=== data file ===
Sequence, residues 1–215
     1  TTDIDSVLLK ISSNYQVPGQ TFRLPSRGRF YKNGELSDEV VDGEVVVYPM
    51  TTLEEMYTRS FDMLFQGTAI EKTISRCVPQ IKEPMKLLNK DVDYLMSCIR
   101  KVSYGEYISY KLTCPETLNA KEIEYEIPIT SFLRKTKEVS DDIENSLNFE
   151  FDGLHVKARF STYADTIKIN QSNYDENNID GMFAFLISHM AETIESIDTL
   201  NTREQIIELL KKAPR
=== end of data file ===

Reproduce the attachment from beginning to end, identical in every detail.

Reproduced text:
Sequence, residues 1–215
     1  TTDIDSVLLK ISSNYQVPGQ TFRLPSRGRF YKNGELSDEV VDGEVVVYPM
    51  TTLEEMYTRS FDMLFQGTAI EKTISRCVPQ IKEPMKLLNK DVDYLMSCIR
   101  KVSYGEYISY KLTCPETLNA KEIEYEIPIT SFLRKTKEVS DDIENSLNFE
   151  FDGLHVKARF STYADTIKIN QSNYDENNID GMFAFLISHM AETIESIDTL
   201  NTREQIIELL KKAPR